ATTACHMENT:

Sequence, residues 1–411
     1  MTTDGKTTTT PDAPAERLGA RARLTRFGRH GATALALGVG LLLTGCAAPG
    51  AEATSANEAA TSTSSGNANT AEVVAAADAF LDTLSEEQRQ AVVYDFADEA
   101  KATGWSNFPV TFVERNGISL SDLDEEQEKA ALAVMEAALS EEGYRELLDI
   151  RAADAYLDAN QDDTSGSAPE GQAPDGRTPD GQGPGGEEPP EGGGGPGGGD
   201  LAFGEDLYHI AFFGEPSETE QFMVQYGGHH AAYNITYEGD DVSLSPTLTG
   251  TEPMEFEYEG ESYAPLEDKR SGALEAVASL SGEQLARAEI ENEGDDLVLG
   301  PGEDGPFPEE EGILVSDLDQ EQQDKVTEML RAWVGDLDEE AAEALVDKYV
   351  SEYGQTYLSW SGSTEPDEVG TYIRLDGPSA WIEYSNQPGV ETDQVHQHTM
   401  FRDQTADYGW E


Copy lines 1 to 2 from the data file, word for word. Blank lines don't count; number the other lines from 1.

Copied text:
Sequence, residues 1–411
     1  MTTDGKTTTT PDAPAERLGA RARLTRFGRH GATALALGVG LLLTGCAAPG